Koji Tsuruta and Toshiro Mifune in a scene from “Samurai Trilogy,” directed by Hiroshi Inagaki.
Steven Okazaki’s “Mifune: The Last Samurai” will have its world premiere at the 43rd Telluride Film Festival from Sept. 2-5 in Telluride, Colo.
Its European premiere will be at the 60th BFI London Film Festival, Oct. 5-16; followed by the Mill Valley Film Festival, Oct. 6-16; Film Fest Gent, Belgium, Oct. 11-21: Kyoto International Film & Art Festival, Oct. 13-16; Sao Paulo International Film Festival, Oct. 20-Nov. 2; Hawai’i International Film Festival, Nov. 3-13. See festival websites for screening dates and times.
Toshiro Mifune (1920-1997) was the most prominent actor of Japan’s Golden Age of Cinema in the 1950s and ’60s. He appeared in nearly 170 films, but his most compelling work was with director Akira Kurosawa (1910-1998), with whom he made 16 films.
Together they created enduring works of art — “Rashomon,” “Seven Samurai,” “Throne of Blood,” “Yojimbo,” “The Bad Sleep Well,” “Red Beard” — that thrilled audiences and influenced filmmaking around the world. Without them, there would be no “Magnificent Seven,” Clint Eastwood wouldn’t have “A Fistful of Dollars,” and Darth Vader wouldn’t be a samurai.
Toshiro Mifune and director Akira Kurosawa on the set of “Seven Samurai.”
Just as John Ford and John Wayne elevated the American western, exploring the human side of America’s violent expansion, Kurosawa and Mifune transformed the chanbara film, the period sword-fighting movie, into bold, provocative narratives that pushed beyond the boundaries of the genre and examined the role of the individual in society. Mifune — wry, charismatic and deadly — was the first non-white action star to attract international attention.
“Mifune: The Last Samurai” explores the evolution of chanbara movies; Mifune’s World War II experience; his accidental entry into moviemaking; and fortuitous collaboration with Kurosawa.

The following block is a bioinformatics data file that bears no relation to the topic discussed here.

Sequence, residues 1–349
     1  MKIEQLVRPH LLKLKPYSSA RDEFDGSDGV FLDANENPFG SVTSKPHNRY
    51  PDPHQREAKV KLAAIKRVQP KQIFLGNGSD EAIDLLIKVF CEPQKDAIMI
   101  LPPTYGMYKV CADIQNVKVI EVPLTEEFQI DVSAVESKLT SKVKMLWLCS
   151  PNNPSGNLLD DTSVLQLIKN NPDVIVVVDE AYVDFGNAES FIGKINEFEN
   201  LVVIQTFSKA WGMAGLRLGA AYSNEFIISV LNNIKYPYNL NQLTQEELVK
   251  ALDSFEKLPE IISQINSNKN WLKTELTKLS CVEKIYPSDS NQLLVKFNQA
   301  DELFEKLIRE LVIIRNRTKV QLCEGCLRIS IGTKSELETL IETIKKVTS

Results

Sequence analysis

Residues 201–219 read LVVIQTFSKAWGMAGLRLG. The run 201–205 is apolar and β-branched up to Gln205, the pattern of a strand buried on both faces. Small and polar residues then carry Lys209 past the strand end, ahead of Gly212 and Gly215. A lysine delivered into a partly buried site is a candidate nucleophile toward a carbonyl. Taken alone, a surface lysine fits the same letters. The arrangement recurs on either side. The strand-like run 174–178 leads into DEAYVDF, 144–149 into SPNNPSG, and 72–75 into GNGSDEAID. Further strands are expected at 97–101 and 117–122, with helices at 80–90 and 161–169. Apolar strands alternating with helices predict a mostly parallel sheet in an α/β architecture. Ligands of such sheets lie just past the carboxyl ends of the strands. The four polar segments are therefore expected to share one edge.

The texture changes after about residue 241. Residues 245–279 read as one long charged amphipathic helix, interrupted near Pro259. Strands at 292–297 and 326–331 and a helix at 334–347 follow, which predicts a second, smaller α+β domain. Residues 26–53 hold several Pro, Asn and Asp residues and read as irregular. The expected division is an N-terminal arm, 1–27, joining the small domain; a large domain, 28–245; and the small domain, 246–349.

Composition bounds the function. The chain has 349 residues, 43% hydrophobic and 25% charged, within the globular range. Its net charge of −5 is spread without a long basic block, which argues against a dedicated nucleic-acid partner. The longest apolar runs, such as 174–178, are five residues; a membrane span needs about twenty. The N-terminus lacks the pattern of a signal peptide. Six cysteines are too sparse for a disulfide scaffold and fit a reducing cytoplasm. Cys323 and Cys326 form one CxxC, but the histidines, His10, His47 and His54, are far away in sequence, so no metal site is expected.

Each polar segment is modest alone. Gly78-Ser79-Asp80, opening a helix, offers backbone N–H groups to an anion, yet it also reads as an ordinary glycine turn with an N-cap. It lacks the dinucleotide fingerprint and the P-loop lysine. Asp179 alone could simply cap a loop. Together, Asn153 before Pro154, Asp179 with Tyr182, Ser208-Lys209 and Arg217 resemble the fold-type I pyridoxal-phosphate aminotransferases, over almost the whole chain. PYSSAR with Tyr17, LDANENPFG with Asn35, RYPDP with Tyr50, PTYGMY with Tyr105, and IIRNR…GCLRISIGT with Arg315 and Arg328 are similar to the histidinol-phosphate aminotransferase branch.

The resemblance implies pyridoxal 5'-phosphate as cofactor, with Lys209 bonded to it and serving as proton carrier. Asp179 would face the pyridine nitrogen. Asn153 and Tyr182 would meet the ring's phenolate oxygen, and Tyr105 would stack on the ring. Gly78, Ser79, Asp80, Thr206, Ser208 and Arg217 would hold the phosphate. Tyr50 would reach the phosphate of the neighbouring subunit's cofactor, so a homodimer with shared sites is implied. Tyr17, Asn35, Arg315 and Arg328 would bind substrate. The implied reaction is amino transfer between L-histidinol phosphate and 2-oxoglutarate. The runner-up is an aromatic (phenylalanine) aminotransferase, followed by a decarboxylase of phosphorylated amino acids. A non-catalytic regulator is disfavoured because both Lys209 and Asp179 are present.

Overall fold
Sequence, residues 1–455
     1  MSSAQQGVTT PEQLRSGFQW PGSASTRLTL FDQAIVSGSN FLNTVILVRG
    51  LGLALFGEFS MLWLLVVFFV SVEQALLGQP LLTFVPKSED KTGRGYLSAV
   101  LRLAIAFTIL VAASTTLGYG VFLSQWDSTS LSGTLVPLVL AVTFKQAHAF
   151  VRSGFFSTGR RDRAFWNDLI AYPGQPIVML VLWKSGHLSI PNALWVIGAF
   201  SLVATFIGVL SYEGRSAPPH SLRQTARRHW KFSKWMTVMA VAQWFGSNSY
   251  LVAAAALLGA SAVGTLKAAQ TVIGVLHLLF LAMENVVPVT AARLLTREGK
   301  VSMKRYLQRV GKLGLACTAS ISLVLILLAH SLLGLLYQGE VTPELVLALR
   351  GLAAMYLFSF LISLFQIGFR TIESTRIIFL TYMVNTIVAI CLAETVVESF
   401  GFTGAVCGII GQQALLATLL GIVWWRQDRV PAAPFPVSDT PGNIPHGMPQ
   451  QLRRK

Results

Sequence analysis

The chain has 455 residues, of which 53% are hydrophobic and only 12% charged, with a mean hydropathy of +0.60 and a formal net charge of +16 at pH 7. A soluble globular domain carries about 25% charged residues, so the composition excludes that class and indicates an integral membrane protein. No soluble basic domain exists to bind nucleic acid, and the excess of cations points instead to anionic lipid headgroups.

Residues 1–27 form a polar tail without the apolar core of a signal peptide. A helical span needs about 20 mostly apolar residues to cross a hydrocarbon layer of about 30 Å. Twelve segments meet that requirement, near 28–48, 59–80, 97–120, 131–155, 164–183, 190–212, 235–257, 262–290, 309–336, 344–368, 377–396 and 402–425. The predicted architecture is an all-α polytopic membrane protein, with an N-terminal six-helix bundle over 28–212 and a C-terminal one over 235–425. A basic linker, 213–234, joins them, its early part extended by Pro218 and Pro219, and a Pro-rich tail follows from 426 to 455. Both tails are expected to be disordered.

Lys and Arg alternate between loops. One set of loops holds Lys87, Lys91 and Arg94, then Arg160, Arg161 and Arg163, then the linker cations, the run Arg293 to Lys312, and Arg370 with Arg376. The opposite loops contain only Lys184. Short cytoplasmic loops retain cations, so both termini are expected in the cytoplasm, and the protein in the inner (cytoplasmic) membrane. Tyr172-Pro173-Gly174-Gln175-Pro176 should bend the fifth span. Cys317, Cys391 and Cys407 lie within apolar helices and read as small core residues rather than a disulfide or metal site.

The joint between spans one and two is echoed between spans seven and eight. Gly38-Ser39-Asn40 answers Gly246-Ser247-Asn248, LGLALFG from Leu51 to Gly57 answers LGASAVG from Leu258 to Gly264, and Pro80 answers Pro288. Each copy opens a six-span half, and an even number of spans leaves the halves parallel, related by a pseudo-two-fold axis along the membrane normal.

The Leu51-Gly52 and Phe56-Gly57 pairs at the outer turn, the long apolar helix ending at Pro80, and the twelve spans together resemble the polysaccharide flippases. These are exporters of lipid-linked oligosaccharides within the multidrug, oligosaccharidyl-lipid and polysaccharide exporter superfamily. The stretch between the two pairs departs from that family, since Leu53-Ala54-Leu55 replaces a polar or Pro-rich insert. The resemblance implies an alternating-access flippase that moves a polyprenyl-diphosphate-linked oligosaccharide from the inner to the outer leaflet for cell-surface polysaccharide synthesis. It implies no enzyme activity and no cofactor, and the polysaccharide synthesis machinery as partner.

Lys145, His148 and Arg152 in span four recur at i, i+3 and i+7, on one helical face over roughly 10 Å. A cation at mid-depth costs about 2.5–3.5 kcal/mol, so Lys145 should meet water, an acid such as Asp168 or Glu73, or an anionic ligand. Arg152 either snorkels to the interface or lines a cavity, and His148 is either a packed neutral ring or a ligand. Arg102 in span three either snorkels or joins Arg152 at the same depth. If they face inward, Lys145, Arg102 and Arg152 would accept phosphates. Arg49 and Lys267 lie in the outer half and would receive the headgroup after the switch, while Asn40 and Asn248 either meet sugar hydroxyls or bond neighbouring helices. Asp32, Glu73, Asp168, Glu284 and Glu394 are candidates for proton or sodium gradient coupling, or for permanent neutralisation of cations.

The film is narrated by actor Keanu Reeves (“The Matrix”); directed by Academy Award-winning filmmaker Okazaki; and produced by Toshiaki Nakazawa (“13 Assassins” and the Academy Award-winning “Departures”) and Toichiro Shiraishi. It focuses on six of Mifune’s greatest films and features interviews with Steven Spielberg, Martin Scorsese, Teruyo Nogami (Kurosawa’s longtime script supervisor), Kyoko Kagawa (“Red Beard”), Yoshio Tsuchiya (“Seven Samurai”), Takeshi Kato (“Throne of Blood”), Yoko Tsukasa (“Yojimbo”), and many others.
“I look for compelling stories and a challenging creative experience,” says Okazaki, whose film subjects range from heroin addiction to dairy princesses to Hiroshima. He is the recipient of numerous honors, including an Academy Award, four Academy Award nominations, a Primetime Emmy, the George Foster Peabody Award, the Plus CameraImage Outstanding Achievement Award, and the City of Hiroshima’s Honorary Citizen Award. His films, produced for HBO, PBS and NHK, are explorations of the extraordinary lives of ordinary people caught up in dramatic historical events and troubling social issues.
Okazaki won the Oscar in 1991 for “Days of Waiting,” the story of artist Estelle Ishigo, one of the few Caucasians to be interned with Japanese Americans during World War II. He was nominated in 1985 for “Unfinished Business,” the story of three Japanese Americans who challenged the incarceration of their people; in 2006 for “The Mushroom Club,” a personal reflection on the 60th anniversary of the Hiroshima bombing; and in 2009 for “The Conscience of Nhem En,” which tells the story of a 16-year-old Khmer Rouge soldier who photographed 6,000 men, women and children before they were tortured and executed.
He received the Emmy for “exceptional merit in non-fiction filmmaking” for “White Light/Black Rain,” a comprehensive and vivid account of the atomic bombings of Hiroshima and Nagasaki, which premiered at the 2007 Sundance Film Festival, was broadcast on HBO, and won the Grand Prize at the Banff World Television Festival.
Born in 1952, Okazaki grew up in Venice and graduated from San Francisco State University’s film school in 1976. He studied painting, played in mediocre punk bands (including The Maids) and was featured in a Gap ad, before getting serious about making films. He lives in Berkeley with his wife, writer Peggy Orenstein, and daughter.
For more information, visit www.farfilm.com.<